Lucy Chambers

Lucy Chambers

In 2012 I joined the Innovation and Development team of the Research Division at Cambridge Assessment and have worked on a number of projects including developing methods and metrics to monitor the quality of marking, developing data and information reporting systems and examination comparability. My current interests include the moderation of school-based assessment and students’ examination writing.

Prior to working at Cambridge Assessment I taught English in Japan, the Czech Republic and the UK in both the private schools and business sectors. I joined Cambridge Assessment in 2004 and initially worked for the Cambridge English Language Assessment group conducting research in the areas of assessing speaking, examination impact, workplace and business English, and language benchmarking in the business sector.

I hold a MA in Applied Linguistics from Anglia Ruskin University, a PGDip in Health Psychology from City University and a BSc in Psychology from the University of Stirling.

Outside of work, I enjoy gardening, doing house renovations and a little bit of dancing. I volunteer for a medical charity and have recently become a lay member of their research grants panel.

Publications

2017

Alternative uses of examination data: the case of English Language writing
Chambers, L., Constantinou, F., Zanini, N. and Klir, N. (2017). Presented at the 18th annual AEA Europe conference, Prague, 9-11 November 2017.
Formality in students’ writing over time: empirical findings from the UK
Constantinou, F., Chambers, L., Zanini, N. and Klir, N. (2017). Presented at the annual European Conference of Educational Research, Copenhagen, Denmark, 22-25 August 2017
Evaluating blended learning: Bringing the elements together

Bowyer, J. and Chambers, L. (2017). Evaluating blended learning: Bringing the elements together. Research Matters: A Cambridge Assessment publication, 23, 17-26.

This article provides a brief introduction to blended learning, its benefits and factors to consider when implementing a blended learning programme. It then concentrates on how to evaluate a blended learning programme and describes a number of published evaluation frameworks. There are numerous frameworks and instruments for evaluating blended learning, although no particular one seems to be favoured in the literature. This is partly due to the diversity of reasons for evaluating blended learning systems, as well as the many intended audiences and perspectives for these evaluations.  The article concludes by introducing a new framework which brings together many of the constructs from existing frameworks whilst adding new elements. It is aim is to encompass all aspects of the blended learning situation to permit researchers and evaluators to easily identify the relationships between the different elements whilst still enabling focussed and situated evaluation.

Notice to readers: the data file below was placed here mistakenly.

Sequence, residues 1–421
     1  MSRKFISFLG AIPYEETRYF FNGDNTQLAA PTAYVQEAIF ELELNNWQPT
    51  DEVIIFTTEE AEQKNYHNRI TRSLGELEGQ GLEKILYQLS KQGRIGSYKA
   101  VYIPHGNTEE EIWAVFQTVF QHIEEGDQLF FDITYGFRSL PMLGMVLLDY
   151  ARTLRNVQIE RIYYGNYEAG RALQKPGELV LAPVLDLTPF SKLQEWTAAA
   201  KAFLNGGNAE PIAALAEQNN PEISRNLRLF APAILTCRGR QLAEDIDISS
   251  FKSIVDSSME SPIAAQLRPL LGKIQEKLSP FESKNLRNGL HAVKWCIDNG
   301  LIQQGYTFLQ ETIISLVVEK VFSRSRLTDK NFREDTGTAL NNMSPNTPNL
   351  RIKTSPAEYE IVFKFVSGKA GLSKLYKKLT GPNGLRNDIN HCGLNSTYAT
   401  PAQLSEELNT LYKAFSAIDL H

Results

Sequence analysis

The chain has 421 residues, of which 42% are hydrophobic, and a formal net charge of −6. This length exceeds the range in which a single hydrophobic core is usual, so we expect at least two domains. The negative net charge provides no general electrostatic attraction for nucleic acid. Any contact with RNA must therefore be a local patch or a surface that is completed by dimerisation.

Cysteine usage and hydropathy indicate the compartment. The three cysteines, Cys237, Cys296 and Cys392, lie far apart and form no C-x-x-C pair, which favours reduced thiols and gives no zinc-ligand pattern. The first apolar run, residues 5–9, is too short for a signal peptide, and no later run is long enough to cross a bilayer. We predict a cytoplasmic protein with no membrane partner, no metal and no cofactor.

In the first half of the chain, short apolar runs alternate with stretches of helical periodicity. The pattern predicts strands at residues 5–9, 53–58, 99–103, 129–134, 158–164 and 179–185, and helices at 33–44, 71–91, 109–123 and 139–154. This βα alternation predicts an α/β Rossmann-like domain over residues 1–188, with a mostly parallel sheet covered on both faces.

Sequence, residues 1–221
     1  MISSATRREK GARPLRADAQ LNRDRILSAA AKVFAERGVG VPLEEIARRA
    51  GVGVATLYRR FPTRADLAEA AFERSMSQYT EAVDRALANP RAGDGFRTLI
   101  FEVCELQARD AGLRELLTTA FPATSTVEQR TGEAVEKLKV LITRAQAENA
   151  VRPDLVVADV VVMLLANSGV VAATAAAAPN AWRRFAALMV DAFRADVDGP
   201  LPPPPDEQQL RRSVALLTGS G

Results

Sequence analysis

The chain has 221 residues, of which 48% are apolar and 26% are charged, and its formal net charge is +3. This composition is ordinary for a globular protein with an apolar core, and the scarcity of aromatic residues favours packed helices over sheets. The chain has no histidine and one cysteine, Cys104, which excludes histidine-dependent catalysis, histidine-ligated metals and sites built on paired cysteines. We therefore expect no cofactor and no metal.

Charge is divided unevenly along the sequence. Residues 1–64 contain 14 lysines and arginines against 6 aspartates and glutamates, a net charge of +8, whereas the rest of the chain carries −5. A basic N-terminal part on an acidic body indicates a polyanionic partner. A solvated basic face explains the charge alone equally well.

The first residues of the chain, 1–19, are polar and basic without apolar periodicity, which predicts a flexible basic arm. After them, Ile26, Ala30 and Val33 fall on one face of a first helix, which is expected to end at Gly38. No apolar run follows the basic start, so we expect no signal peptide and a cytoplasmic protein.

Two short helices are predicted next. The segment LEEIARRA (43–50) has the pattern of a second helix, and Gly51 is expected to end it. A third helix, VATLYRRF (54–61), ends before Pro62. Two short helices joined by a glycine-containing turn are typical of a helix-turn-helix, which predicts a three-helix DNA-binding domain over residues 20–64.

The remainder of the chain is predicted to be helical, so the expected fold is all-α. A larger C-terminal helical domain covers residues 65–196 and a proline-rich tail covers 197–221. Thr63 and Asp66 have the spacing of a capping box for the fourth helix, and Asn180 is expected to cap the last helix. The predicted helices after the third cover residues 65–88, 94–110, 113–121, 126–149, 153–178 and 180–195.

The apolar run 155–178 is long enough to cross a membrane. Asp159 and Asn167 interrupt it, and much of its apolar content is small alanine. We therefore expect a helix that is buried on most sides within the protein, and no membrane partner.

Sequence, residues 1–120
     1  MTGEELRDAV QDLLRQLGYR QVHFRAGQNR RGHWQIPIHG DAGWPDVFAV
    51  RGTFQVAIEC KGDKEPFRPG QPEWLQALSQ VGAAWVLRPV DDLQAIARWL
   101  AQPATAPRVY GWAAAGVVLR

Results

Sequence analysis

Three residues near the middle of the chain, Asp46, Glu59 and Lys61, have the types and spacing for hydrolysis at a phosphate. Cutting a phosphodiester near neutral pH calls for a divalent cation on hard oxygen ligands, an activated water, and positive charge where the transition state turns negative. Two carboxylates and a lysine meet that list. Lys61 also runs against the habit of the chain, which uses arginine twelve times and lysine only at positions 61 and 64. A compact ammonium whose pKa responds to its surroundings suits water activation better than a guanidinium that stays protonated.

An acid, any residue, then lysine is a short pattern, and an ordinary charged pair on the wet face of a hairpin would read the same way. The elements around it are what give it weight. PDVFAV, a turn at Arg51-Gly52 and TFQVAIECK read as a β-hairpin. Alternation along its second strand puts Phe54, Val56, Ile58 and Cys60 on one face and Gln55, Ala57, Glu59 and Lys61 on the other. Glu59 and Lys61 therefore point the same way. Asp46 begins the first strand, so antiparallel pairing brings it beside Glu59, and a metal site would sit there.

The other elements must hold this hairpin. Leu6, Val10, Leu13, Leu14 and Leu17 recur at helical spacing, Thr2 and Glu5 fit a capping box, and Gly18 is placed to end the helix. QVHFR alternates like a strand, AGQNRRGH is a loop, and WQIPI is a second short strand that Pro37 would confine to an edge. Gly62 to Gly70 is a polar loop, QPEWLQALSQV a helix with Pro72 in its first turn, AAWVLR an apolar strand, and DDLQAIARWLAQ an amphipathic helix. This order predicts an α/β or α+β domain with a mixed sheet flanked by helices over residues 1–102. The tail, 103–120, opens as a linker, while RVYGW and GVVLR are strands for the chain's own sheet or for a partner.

2016

Research Matters Special Issue 4: Aspects of Writing 1980-2014
Elliott, G., Green, S., Constantinou, F., Vitello, S., Chambers, L., Rushton, N., Ireland, J., Bowyer, J. and Beauchamp, D. (2016). Research Matters Special Issue 4: Aspects of Writing 1980-2014.

2015

Piloting a method for comparing examination question paper demands
Chambers, L., Greatorex, J., Constantinou, F. and Ireland, J. (2015). Paper presented at the AEA-Europe annual conference, Glasgow, Scotland, 4-7 November 2015.
Piloting a method for comparing examination question paper demands
Greatorex, J., Chambers, L., Constantinou, F. and Ireland, J. (2015).  Paper presented at the British Educational Research Association (BERA) conference, Belfast, UK, 14-17 September 2015.

2012

The Hebei Impact Project: A study into the impact of Cambridge English exams in the state sector in Hebei province, China

Chambers, L., Elliott, M., and Jianguo, H. (2012). The Hebei Impact Project: A study into the impact of Cambridge English exams in the state sector in Hebei province, China. Research Notes, 50, 20-23.

An exploration of how independent research and project management skills can be developed and assessed among 16 to 19 year olds
Suto, I., Nadas, R. and Chambers, L. (2012). Paper presented at the British Educational Research Association (BERA) conference, Manchester, UK, 4-6 September 2012.
Test taker familiarity and speaking test performance: Does it make a difference?

Chambers, L., Galaczi, E., and Gilbert, S. (2012). Test taker familiarity and speaking test performance: Does it make a difference? Research Notes, 49, 33-40.

2011

Composition and revision in computer-based written assessment

Chambers, L. (2011). Composition and revision in computer-based written assessment. Research Notes, 43, 25-32.

The BULATS online speaking test

Chambers, L., and Ingham, K. (2011). The BULATS online speaking test. Research Notes, 43, 21-25.

 

2010

Composition and revision in CB written assessment
Chambers, L. (2010). Presented at the 43rd conference of the British Association of Applied Linguistics, Aberdeen, UK, 9-10 September 2010.

2009

Using the CEFR to inform assessment criteria development for Online BULATS speaking and writing

Chambers, L. (2009). Using the CEFR to inform assessment criteria development for Online BULATS speaking and writing. Research Notes, 38, 29-31.

Computer-based and paper-based writing assessment: A comparative text analysis
Chambers, L. (2009). Presented at the 42nd conference of the British Association of Applied Linguistics, Newcastle, UK, 3-5 September 2009.

2008

Computer-based and paper-based writing assessment: a comparative text analysis

Chambers, L. (2008). Computer-based and paper-based writing assessment: a comparative text analysis. Research Notes, 34, 9-15.

Research Matters

Research Matters

Research Matters is our free biannual publication which allows us to share our assessment research, in a range of fields, with the wider assessment community.